• The oldest glasshouses in the southern hemisphere are in Adelaide’s Botanic Gardens and are a great place to cool off in the summer.
  • Coober Pedy is a mining community in remote South Australia, famous for opals, making Adelaide the opal capital of Australia with plenty of retailers in Rundle Mall eager to sell you a sparkling gem.
  • Australia’s largest exhibition of Aboriginal cultural items is in Adelaide at the National Aboriginal Cultural Institute, Tandanya.
  • The city was founded in 1836 so an obvious name for the city’s national basketball team would be the Adelaide 36ers, right!
  • One of the world’s most famous cricketers, Australian Sir Donald Bradman, lived in Adelaide until his death in 2001. He was considered the greatest batsman of all time.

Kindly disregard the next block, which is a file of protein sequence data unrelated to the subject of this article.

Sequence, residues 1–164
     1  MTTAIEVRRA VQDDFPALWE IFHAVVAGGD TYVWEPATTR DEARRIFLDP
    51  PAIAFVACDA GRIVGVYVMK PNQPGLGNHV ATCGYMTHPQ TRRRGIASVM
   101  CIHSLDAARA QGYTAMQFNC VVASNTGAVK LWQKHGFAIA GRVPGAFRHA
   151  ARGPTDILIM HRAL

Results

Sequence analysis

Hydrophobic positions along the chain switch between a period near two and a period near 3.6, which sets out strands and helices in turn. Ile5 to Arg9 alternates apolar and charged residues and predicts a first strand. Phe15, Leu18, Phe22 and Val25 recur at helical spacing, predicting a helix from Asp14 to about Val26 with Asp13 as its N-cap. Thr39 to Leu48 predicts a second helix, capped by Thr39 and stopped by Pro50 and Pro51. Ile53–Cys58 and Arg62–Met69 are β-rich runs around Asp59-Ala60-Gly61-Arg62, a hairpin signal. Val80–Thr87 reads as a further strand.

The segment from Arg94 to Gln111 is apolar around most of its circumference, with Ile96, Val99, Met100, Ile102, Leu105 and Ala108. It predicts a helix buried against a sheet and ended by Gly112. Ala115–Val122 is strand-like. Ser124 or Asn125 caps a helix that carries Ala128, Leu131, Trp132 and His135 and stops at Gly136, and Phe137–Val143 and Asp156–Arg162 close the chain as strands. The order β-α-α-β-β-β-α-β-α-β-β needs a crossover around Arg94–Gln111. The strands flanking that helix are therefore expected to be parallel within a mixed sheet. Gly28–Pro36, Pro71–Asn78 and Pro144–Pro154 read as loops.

• Adelaide has long been a supporter of women’s rights – South Australia was the 2nd place in the world where women were granted the right to vote and the first parliament in the world to allow women to run for a seat.


As a reflection of its gentile beginnings, Adelaide’s local attractions are refined and cultured. The North Terrace cultural precinct is home to the State Library, the Art Gallery of South Australia, the Migration Museum and the Museum of South Australia. Also nearby are the stunning Adelaide Botanic Gardens including the oldest and largest glasshouses in the southern hemisphere and the Adelaide Zoo which never disappoints. For a step even further back in time you can learn about Australian Indigenous culture with a visit to Tandanya Cultural Institute to see ancient artifacts and contemporary works from the nation’s Aboriginal and Torres Strait Islander peoples.